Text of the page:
Getting engaged

Toby says Instagram stories are great way for businesses to put in a minimal amount of effort to start and get a lot of interest back.

Q&As are also effective communication starters, although Toby says it is important to allow people to ask you anything and to remain really open.

“If you do it enough, you start to show people the kinds of things you're willing to talk about. Every time you are doing this, you're actually giving yourself more than one piece of content.

“Going back to the hairdresser, again, it might be a great way to actually ask questions about techniques that people use at home to maintain their do. How do you maintain your do after you have left the hairdresser? From that you can take some of their answers and then show them how you do it as the professional,” he explains.

So, once you have an audience, how do you keep them engaged?         

By asking yourself how you would talk to people in real life. Toby says the sorts of questions that you would ask people in real life as a hairdresser are those kinds of rich conversations that can also transfer to Instagram or any online space.

“I see a lot of people having that one-way street conversation where they're giving all this great advice, but they're not asking for it back.

SmartHub Business Manager Elize Hattin agrees, saying when you get asked questions, have your target market avatar in mind when you answer.

“You might answer the question of one specific person but if you can think about the avatar that you have that represents your target market and answer that question for that avatar, then more people who are your customers will be able to relate your answer more specifically,” she advises.

One-way streets are dead ends

Toby urges businesses to ensure their values are front and centre of their Instagram, to ensure people know who you are and what you are about.

He also says listening, learning and giving back are really important at every stage of a journey.

“Sharing your story your way is vital to creating a devoted community. But no matter how good your story may be, leading without listening is going to wind up as a dead end.

“Always invite community in and keep doing it. Keep trying and keep engaging because that signals to them that you're open and you're interested which is really important,” he advocates.

As businesses learn as they grow, Toby encourages businesses to think of mistakes as learning and opportunities for brand development.

“It allows that learning process to be something that creates a nonjudgmental space where you're testing ideas against actual needs and wants that they're sharing with you. That is where Q&As become really helpful, polls become really helpful,” he says.

Party time

Toby maintains giving back to your community is also important. When you invest in posts that are just there to serve and delight that have no business goals attached to them besides making people happy. Toby says you're building trust and warmth.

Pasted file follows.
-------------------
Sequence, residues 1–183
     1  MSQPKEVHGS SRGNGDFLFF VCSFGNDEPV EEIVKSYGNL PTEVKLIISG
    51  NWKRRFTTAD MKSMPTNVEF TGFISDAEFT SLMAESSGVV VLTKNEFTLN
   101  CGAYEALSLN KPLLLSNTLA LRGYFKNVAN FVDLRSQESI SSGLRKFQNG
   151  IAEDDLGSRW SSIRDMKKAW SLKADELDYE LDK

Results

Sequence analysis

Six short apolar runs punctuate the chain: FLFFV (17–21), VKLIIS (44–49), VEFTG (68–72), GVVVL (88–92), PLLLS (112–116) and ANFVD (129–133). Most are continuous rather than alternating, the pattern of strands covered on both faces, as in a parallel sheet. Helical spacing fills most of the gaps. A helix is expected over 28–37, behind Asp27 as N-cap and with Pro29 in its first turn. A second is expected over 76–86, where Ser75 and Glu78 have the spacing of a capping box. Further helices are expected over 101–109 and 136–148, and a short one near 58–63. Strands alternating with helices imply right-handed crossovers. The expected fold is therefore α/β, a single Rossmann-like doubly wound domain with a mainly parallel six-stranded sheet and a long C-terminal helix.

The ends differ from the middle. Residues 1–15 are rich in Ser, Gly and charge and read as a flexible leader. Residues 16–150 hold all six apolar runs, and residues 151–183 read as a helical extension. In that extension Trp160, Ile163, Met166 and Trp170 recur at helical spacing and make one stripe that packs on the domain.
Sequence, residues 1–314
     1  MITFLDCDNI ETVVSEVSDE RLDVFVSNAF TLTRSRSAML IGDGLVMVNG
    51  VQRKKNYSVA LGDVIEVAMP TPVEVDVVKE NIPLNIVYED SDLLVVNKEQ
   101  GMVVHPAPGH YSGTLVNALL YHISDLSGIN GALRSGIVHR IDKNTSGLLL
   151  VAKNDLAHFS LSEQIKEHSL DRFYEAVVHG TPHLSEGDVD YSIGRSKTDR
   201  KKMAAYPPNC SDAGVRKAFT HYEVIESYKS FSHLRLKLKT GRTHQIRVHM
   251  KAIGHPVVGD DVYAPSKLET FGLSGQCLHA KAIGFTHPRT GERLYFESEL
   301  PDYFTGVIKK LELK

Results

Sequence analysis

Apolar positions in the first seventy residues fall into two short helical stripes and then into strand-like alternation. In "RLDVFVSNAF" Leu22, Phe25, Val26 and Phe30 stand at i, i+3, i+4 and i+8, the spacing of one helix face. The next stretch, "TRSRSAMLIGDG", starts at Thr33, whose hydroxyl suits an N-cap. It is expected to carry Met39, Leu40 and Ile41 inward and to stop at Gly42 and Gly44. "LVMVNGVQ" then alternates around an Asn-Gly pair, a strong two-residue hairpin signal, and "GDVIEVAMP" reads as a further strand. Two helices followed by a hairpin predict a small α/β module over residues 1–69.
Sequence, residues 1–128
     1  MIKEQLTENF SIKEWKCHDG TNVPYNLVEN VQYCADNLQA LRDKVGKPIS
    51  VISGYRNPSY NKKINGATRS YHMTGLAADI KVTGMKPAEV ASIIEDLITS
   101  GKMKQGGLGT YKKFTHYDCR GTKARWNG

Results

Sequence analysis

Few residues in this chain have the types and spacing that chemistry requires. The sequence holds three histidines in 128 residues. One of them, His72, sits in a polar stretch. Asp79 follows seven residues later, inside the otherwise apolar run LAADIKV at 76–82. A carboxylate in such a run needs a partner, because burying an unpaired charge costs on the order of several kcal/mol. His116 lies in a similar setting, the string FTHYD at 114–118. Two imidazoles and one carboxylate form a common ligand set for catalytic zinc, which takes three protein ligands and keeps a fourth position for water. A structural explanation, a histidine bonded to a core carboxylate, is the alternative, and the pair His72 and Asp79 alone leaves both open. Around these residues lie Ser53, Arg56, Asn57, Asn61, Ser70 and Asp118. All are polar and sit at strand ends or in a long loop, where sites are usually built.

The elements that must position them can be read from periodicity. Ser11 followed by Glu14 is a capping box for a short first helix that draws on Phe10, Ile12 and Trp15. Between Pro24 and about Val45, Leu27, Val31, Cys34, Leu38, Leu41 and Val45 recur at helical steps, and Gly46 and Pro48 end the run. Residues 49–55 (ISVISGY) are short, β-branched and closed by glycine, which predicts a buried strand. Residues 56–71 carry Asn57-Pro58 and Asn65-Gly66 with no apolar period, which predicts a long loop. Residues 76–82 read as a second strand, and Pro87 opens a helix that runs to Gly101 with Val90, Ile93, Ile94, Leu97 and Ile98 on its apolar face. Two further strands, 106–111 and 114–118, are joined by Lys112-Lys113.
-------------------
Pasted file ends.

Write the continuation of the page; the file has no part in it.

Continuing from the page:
“It's serving you well, it's serving them. If you can maintain that sense that listening and learning and giving back are a two-way street, I think that is when you start to get into the really sweet spot with a community,” he believes.

Toby cautions that like all business journeys, it’s not always smooth sailing when it comes to putting yourself out there on Instagram.  

“You are going to get a lot of dejection and rejection where you try and put things out that you're really invested in and you don't get the responses that you want.

“Avoid getting trapped in a continual content producing and posting cycle as I have found this distanced a lot of people.

“Pay close attention to who drops off. People that might have been engaged for long periods of time that drop off, you wonder what was it? What did I do? And you may not always be able to know exactly... Sometimes I have asked them and most of the time, they're happy to tell you.

How does Toby deal with negative engagement from followers? By looking at it as an opportunity.

“Don't respond emotionally. Wait until your emotions are not running as hot as they may be when you first read it.

“Remember you're reading something. You're not hearing their voice, so their tone may be completely different to the way that you're interpreting it.

“I actually try to ask questions rather than telling them what I've done, and why I've done it, and how they should feel about it.

“I use it as an opportunity to ask questions such as what are you hoping to talk to me about because I'm not exactly sure what you mean by this part. I'd love to talk more…

“Make sure that you're coming from a place of curiosity, engagement, from a place of warmth as well. So, curiosity, warmth, and kindness, which is why disentangling yourself from the emotion is important,” he recommends.

Apps to help grow and manage your Instagram page

Through his Wanderlost & Found journey, Toby has had help along the way, with tried and tests apps to help him grow his community.

  1. Flick - helps you to narrow down your hash tags according to your audience size. If you've got a hashtag that you're using that is also being used by a brand that has a million followers, it's very unlikely that you're going to get into that sweet spot of the top nine, simply because they're going to get more engagement across the board.
  2. Later - Visually plan, schedule and analyse posts for Instagram, Facebook, Pinterest and Twitter. Later also allows you to add a link in bio or tag products in Instagram posts to turn your feed into a clickable, optimized landing page. Get valuable insights including clicks, pageviews, and sales from each post.
  3. Linktree - The only link you’ll ever need. Connect audiences to all your content with just one link
  4. Unfollow for Instagram app - is the ultimate tool for cleaning up your Instagram account. Bulk block/unblock/unfollow users, bulk delete posts, bulk unlike posts

Toby Leon is the Founder of Wanderlost & Found and Turbo-traction lab alumni.

The SmartHub encourages entrepreneurs and business owners to adopt technology and modern based business practice to make the entire business journey more profitable, more enjoyable, more effective and more efficient.